At the deepest, fourth level of meaning, the dreaming stories depicted in the art contain metaphysical truths. Only the elder generation of the people that maintain this dreaming know these truths. Uninitiated balanda (white people) can only guess at the deeper meaning. A friend suggested that the fact that the head and genitals of Namarrgon are connected is a lesson about male psychology. While this seems certainly plausible, Joshua Bangarr did not provide any clues on the meaning of this painting.  This deep secrecy is what is so fascinating about Aboriginal art.

The Praise of Folly: Philosophical View of Limburg Carnival

Today is Ash Wednesday and in many places around the world, including my home town of Hoensbroek, this marks the end of the annual carnival. Traditionally, Ash Wednesday was the start of the lent and carnival were the last three joyful days before the sombre time of fasting until Easter.

The annual carnival is an important part of the annual calender in the southern parts of the Netherlands and has played an important part in the first thirty years of my life. When I was a boy I was dragged by my parents to many carnival parades and parties. When I was in my second year of university I even had the honour of being known as Prince Peter I of the Klotsköp in Hoensbroek. My last carnival experience was when I visited a party of the Limburger Kangaroos in Melbourne Australia.

Prince Peter I and the Council of Eleven of the Klotsköp (1989-1990).

Prince Peter I and the Council of Eleven of the Klotsköp (1989-1990).

Having been away from my home town for ten years now I have obtained some distance from these traditions to be able to place them in some philosophical context. Although it might seem at first sight that carnival is about eating, drinking and fornicating as much as possible, in this article I will argue that carnival plays an important part in contemporary post-modern culture, specially with the disappearance of its religious significance as a preparation to the fasting.1

The essence of the carnival is a praise of folly and it are three days of the year when the normal world is turned upside down. Power over the city or town is symbolically handed over to the prince of the carnival and his Council of Eleven. The council and the prince are cultural mediators of the festivities, creating a connection between the everyday world of the sane and the world of the insane. The Council of Eleven is steeped in symbolism. Their bicorne hats are inspired on the hats worn by jesters and symbolise the foolishness that is central to carnival. Their formal suits are a reminder of the worldly connection of the council who are thus mediating between the two worlds. Every member of the council and the prince wear a chain that symbolises their unity. The regalia of the prince, his sceptre, feathers and other distinguishing features, are an expression of his symbolic power of the three days of folly. The council and the prince are the cultural mediators of the carnival, as it is their task to organise the carnival and bring folly to the otherwise so serious world.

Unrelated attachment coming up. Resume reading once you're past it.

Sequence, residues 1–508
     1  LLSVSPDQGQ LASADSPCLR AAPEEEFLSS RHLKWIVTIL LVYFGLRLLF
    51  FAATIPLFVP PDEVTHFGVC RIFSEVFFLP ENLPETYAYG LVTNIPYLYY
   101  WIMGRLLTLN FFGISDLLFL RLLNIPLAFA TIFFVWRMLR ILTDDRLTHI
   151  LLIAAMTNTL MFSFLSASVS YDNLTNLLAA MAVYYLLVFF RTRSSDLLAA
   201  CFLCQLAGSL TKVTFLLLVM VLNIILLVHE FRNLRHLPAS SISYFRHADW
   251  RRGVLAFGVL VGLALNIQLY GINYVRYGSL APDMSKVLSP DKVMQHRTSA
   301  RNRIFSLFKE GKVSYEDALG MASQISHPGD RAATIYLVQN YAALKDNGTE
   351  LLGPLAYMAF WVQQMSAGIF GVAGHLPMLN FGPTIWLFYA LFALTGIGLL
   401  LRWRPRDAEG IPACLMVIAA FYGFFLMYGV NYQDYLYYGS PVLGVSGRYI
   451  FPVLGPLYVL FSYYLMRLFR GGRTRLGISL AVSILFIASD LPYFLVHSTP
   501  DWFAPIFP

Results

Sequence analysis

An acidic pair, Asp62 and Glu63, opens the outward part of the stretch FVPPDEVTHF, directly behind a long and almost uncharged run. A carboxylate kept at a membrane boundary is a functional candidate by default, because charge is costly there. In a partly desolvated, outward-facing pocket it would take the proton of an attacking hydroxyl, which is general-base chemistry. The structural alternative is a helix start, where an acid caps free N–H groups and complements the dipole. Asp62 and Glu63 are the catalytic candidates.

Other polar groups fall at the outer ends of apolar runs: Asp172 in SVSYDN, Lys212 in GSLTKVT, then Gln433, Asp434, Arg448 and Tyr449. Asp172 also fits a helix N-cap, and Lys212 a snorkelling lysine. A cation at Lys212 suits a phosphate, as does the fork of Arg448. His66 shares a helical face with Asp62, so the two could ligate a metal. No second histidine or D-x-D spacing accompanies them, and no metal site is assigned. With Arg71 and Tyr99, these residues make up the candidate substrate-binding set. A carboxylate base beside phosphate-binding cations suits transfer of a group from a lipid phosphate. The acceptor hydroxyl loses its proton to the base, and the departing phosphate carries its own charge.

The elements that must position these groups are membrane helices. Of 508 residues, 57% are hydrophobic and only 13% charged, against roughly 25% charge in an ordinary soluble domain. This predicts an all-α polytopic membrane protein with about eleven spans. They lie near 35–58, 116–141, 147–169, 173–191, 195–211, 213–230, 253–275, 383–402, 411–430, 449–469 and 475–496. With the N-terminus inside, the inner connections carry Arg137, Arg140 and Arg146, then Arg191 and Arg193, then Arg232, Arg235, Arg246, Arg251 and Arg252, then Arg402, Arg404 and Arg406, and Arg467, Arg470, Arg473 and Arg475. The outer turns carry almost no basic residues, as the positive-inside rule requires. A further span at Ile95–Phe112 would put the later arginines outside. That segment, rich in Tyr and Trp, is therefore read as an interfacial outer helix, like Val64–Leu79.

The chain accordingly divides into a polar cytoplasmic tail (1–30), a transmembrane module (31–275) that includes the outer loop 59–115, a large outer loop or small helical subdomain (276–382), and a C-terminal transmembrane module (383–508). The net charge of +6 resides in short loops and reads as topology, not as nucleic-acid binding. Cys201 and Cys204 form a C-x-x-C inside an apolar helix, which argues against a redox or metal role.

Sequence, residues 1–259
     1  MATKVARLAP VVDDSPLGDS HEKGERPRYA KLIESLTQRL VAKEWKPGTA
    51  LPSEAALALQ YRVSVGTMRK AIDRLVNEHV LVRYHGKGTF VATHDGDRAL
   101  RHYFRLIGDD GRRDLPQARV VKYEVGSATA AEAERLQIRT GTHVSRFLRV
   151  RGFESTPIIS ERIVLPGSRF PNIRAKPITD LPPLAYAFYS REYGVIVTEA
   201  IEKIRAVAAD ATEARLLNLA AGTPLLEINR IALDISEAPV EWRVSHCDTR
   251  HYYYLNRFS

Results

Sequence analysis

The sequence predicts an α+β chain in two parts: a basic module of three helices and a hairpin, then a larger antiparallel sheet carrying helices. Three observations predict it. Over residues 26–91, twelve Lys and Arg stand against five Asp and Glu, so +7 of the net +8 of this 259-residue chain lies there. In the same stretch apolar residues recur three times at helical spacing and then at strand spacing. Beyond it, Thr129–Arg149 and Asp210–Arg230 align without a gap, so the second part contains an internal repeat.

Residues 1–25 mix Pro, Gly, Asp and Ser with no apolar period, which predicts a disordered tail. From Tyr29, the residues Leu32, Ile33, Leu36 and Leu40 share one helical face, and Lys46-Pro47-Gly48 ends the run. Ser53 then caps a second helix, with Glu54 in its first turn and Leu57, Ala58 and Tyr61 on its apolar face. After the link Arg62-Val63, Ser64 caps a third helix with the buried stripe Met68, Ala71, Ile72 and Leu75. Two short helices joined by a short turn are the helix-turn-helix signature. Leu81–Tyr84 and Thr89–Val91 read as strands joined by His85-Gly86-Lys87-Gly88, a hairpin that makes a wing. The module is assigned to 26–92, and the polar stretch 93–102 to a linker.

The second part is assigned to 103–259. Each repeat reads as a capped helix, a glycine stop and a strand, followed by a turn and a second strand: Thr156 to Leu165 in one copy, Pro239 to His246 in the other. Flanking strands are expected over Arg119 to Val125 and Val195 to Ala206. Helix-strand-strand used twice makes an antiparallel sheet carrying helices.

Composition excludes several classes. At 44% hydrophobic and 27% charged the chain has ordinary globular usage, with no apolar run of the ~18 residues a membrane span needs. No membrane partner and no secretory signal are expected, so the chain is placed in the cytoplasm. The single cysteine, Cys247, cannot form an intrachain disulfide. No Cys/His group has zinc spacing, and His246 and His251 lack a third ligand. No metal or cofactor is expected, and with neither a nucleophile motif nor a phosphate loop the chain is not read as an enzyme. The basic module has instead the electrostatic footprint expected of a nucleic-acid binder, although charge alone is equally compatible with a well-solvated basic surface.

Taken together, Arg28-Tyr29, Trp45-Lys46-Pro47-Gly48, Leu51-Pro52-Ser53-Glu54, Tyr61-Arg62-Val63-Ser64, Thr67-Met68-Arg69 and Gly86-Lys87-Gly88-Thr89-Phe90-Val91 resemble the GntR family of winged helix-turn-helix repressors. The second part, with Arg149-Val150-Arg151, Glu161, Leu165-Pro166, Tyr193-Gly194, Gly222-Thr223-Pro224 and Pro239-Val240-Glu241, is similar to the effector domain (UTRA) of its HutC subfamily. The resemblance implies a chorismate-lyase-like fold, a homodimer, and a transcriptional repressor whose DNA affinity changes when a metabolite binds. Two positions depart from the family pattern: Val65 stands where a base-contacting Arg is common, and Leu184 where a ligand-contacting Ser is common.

Limburger Carnaval parade in Hoensbroek 2010 (Photo: Evelien Prevos).

Carnaval parade in Hoensbroek 2010 (Photo: Evelien Prevos).

The most recognisable aspect of carnival in most cultures around the world are the costumes worn by the revellers. They replace their identity in real life for a temporary identity, usually signifying a connection with the bizarre world of insane. The costume is a ‘mask’ behind which one can hide their normal identity so that carnival can be celebrated without shame. Although revellers hide their personal identity behind the ‘mask’, it is in fact an expression of their individuality. People take great care choosing their temporary identity and some express themselves in very individual creations.

The temporary loss of personal identity is an expression of a longing to a pre-modern time. Celebrations have a strong collectivist character – to properly celebrate carnival requires a critical mass of people. This is why my most recent experience with carnival in Mebourne was not very satisfying, compared to my home where regular life stands still for several days.

This shows a paradox in carnival. One the one hand we celebrate our individuality through costumes and on the other hand we seek for collectivist experiences. In contemporary society, personal identity is a product of individual development. We can, to a certain extent, choose our identity. This is, however, a fairly recent development. Our identities used to be determined by tradition and heritage. Although we can never fully relinquish our tradition and heritage, we now have great freedom in defining ourselves.